By Stephanie Aldrin, Medical Student
According to the Institute of Medicine, transgender and gender nonconforming patients access health care less often than their cisgender counterparts. And when transgender patients do seek medical attention, it is often with more serious ailments.1 While many factors contribute to these disparities, health care providers can play a crucial role in reducing the stigma associated with seeing the doctor and in promoting safer health care environments for the trans members of our communities.
In fall 2015, the clinic I work at, Smiley’s Family Medicine Clinic, asked its patients who identify as transgender or gender nonconforming to speak candidly about their experiences accessing primary care. I remember scrambling to take notes as I listened to the patients’ stories and feeling grateful for the opportunity to have this small window into the challenges of seeking health care as a trans person.
Three major themes emerged from the patients’ experiences. First, small changes in language can positively impact the way a patient feels during and after an encounter with health care providers. Second, trans patients see their doctors for a number of reasons, and, like their cisgender counterparts, want to be seen as any other patient and not have their gender identity be the focus of the visit. Finally, positive partnerships occur when physicians come into the exam room as their authentic selves, who genuinely care about the patient in front of them.
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Richard F. Mitchell, MD, MS
“Did you discuss prostate cancer screening with your patient?”
“I did, but…”
“Well, it was strange, but as I was discussing the risks and benefits, the patient just looked at me and said, ‘This is confusing, can’t you just tell me what I should do? What would you do if it was you?’”
Has something like this happened to you while you were precepting residents? Has it happened to you when you were talking to your own patients? In this age of patient-centered care, we teach our residents to involve patients in shared decision making. How do you counsel a resident working with a patient who doesn’t want to buy into that program? How do you teach your residents to respond to the question, “If it was you, what would you do?”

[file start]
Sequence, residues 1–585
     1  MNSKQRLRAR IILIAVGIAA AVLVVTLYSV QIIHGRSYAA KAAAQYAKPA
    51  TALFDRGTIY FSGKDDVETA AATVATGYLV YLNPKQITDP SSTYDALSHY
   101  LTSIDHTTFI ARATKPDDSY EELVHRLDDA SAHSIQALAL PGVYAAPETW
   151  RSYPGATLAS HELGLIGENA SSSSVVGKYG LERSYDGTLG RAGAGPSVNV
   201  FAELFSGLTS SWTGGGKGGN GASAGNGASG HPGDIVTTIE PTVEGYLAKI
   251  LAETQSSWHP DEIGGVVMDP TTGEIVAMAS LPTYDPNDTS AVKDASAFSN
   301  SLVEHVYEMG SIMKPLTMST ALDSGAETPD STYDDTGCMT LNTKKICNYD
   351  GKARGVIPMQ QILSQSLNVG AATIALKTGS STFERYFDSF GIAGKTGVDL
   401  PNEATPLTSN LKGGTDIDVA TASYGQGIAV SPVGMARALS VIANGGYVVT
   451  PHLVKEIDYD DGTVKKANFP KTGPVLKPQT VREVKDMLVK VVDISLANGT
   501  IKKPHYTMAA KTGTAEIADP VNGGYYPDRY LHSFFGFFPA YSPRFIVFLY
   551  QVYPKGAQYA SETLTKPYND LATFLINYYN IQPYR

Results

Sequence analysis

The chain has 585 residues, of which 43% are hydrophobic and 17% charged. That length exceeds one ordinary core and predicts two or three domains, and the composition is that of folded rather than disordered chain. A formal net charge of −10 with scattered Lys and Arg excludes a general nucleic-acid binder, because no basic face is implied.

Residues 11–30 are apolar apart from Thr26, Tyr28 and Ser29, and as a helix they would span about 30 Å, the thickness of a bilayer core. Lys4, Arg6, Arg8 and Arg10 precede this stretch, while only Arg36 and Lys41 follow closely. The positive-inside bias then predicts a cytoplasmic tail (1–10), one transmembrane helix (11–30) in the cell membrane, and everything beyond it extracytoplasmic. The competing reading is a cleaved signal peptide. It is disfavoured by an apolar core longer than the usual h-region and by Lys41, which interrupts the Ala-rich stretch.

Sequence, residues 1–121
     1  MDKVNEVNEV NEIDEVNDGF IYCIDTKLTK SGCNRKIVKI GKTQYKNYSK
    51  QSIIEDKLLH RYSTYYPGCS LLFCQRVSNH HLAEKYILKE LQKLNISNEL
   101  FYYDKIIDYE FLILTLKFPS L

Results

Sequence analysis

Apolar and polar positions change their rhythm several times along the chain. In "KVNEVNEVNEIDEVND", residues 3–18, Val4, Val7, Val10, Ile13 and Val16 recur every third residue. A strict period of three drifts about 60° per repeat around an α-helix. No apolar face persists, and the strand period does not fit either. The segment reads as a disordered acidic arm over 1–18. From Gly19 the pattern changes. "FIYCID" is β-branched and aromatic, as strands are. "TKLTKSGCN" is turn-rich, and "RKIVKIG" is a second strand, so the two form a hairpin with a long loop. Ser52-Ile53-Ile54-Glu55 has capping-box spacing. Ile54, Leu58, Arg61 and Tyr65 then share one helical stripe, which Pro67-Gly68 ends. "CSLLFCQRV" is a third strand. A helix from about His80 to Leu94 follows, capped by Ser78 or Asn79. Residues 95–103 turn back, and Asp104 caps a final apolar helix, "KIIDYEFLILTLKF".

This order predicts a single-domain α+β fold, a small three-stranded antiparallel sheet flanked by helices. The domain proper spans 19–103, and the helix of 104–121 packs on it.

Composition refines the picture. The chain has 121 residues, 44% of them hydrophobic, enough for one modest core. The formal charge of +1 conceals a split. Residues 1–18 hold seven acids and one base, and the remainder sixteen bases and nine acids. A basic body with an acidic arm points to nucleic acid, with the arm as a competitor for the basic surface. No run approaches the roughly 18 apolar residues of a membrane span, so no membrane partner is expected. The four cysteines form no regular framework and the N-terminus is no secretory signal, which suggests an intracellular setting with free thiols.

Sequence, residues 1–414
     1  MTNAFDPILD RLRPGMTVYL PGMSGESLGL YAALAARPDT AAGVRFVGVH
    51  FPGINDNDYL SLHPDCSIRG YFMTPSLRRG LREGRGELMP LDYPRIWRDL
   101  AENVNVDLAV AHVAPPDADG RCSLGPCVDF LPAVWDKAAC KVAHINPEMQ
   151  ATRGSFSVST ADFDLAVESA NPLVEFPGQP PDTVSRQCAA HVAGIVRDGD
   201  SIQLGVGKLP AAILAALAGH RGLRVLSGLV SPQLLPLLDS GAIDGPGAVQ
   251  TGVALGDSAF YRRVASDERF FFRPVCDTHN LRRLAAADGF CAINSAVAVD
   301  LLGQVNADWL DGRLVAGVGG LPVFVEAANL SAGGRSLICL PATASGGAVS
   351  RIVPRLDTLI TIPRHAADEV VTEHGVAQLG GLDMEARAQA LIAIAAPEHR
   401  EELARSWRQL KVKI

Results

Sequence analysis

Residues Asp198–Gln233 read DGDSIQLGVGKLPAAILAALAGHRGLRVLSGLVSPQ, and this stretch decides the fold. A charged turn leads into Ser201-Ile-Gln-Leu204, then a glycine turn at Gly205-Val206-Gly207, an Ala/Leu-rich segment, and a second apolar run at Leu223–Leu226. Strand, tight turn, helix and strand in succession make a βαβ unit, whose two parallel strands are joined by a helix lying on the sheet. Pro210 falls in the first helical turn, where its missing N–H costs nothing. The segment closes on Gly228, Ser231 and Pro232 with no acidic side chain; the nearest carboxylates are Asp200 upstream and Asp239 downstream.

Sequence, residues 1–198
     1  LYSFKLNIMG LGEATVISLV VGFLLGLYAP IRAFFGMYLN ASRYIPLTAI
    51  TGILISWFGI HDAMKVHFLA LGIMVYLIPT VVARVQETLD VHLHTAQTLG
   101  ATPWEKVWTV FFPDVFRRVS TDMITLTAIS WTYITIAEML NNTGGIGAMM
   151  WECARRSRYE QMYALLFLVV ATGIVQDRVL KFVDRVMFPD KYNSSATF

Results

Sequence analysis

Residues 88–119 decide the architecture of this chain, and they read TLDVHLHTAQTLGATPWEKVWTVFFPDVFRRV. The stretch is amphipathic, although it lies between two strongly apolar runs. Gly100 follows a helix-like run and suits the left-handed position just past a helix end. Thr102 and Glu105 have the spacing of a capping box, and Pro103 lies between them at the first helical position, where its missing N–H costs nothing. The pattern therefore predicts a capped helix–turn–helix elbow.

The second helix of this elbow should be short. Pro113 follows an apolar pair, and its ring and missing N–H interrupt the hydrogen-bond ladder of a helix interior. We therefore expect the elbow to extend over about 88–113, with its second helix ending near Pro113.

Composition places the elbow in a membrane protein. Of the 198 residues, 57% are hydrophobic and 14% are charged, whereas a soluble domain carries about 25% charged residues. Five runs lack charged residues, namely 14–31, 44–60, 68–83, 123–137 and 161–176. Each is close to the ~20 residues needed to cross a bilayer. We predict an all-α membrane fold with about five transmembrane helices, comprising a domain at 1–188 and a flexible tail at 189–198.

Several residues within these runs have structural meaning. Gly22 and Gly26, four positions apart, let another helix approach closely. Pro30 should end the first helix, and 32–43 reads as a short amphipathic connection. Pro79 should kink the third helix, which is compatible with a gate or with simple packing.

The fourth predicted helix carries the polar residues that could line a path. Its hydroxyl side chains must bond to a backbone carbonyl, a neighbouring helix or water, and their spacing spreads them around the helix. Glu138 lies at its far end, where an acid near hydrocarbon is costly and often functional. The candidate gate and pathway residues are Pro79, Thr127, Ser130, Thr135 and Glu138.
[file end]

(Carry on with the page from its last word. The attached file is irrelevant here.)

You might find the answer in an invisible bag.
“There is an invisible bag right in front of you. Think ‘Santa Claus sack.’ Would you like to reach in and take something out?”
“Why would I do that?”
“It’s full of $100,000 bills.”
“Yes! Can I take two?”
“No. But there’s something else you should know. The bag also has blank pieces of paper that feel exactly like $100,000 bills.”
“That’s OK—can I put my hand in now?”
“One last bit of information before you do—it’s also full of razor blades.”
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Joseph Scherger, MD, MPH
I attended a health care forecast conference recently and learned a sobering new reality. In the near future, Americans will be getting their primary care services in many different locations.
Walmart has announced that it soon will be offering comprehensive primary care in many of its stores. Walgreens, already the largest provider of immunizations outside the government, will expand its Take Care clinics and manage four common chronic diseases: diabetes, hypertension, hyperlipidemia, and asthma. A longtime colleague and family medicine educator recently went to work for Kroger’s new clinic system, The Little Clinic. Large employers are setting up workplace clinics to provide common health services while keeping their employees on the job.
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Posted in Education, Family Medicine Stories, Public Health
Tagged education, Family Medicine, family medicine education, future of family medicine, health, health care, healthcare, medicine, Patient, primary care, Walgreens, Walmart